Howard is a DIY guy who usually sells a car in better condition than he bought it. He prefers older and foreign cars.
Safety Fears Killed Convertibles
Throughout the 1970s, Americans were becoming more safety conscious and were demanding higher standards from the NHTSB. Beautiful chrome bumpers gave way to ugly black rubber-coated foam-filled “railroad ties.” Hood ornaments, side-view mirrors and anything else that might conceivably impale a pedestrian had to be redesigned with that possibility in mind.
Since convertibles have less inherent structural integrity than cars with a solid roof, they came under fire from safety experts. No automaker wanted to invest millions in design and tooling for a car that might be unmarketable when built, so convertibles quickly disappeared from the list of available models, the last American offering being the 1976 Cadillac Eldorado.
Coachbuilders Brought Convertibles Back
Entrepreneurial small business has always found a niche where large businesses can’t be cost-effective. In the late 1970s and early 1980s, numerous coachbuilders in America stepped in to meet the steady but small demand for convertibles. Sometimes they did a one-off Cadillac, Mercedes, or Ferrari for an idiosyncratic individual.
Other times they bought cars in small quantities from the manufacturer, converted them to convertibles and delivered them to be sold in the automaker’s new car showrooms. Many of these were conversions of Japanese cars.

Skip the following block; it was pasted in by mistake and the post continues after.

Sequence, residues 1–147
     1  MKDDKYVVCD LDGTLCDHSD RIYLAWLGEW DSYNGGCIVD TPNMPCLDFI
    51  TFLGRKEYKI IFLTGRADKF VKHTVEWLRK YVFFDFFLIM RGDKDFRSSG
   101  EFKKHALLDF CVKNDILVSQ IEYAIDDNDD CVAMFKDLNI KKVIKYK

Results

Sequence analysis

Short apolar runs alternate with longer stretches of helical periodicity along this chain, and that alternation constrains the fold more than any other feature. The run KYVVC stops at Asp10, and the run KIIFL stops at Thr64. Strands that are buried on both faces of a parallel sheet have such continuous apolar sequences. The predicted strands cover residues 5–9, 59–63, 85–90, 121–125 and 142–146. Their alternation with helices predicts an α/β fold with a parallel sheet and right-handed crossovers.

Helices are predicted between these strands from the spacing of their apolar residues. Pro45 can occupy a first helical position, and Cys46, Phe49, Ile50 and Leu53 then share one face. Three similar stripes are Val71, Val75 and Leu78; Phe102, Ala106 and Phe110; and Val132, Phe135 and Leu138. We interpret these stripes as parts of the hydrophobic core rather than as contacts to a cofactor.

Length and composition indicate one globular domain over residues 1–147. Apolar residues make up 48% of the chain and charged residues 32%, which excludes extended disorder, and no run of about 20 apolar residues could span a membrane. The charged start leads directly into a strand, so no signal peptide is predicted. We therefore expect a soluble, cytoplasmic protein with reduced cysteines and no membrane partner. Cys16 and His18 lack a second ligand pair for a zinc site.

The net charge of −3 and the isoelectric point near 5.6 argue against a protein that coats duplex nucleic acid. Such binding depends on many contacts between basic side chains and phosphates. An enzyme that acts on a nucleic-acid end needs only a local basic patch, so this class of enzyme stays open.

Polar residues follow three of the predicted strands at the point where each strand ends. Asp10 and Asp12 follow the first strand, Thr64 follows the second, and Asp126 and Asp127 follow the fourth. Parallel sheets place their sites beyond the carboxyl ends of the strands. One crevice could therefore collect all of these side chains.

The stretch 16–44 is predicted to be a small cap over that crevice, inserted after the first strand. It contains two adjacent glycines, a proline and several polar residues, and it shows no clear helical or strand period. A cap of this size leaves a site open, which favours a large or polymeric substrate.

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Toyota Celica Convertibles
No car model was more popular to convert during this time period than the second-generation Celica. This is unusual because the second-generation Celica was far less popular than either the first- or third-generation Celicas. It may be that it was relatively easy to convert, from an engineering perspective. Or it might be that Toyota was offering attractive terms.
A small handful of Celicas were converted by the California Coach Co. (1981), Sparlingco (1981) and Grandeur Motor Corp. (1979–1981), the last one producing two-seaters. The two companies that produced them in quantity were Griffith and American Custom Coachworks. Both of them sold their conversions through Toyota's new-car showrooms.
The Griffith Sunchaser: A Targa Top
The Griffith Company produced approximately 2000 Sunchasers from the 1980–1981 Celicas, a large enough quantity to be listed in some used car guides. These cars are distinctive because of their targa tops. Replacement soft tops for the rear portion are available from aftermarket suppliers. Sunchaser owners and cars for sale can be located online without much difficulty. There is at least one website that gives a tremendous amount of historical background, although the site has not been maintained for several years.
American Custom Coachworks: A Full Convertible
American Custom Coachworks, of Beverly Hills, California, produced approximately 900 full convertibles. These are 4-seaters, retaining the back seat, and do not have a targa top or integrated roll bar. A fire at the company destroyed the primary historical records on these cars; all that remains are secondary sources in period literature and the few example cars that have not been sent to the crusher.
Finding a Celica Convertible to Buy
At any given point in time, there is usually a small handful of cars offered for sale. Most will be in relatively poor condition, often offered as parts cars for a few hundred dollars. Daily drivers in good condition can fetch $2,000–$5,000. They can be located through internet searches: Google search "1981 Celica convertible" or "Sunchaser." In popular terminology, the label Sunchaser has come to be used for any second-generation Celica that is topless, whether produced by Griffith, American Custom Coachworks, or the local chop shop, so you will have to sort through the listings to determine which is which.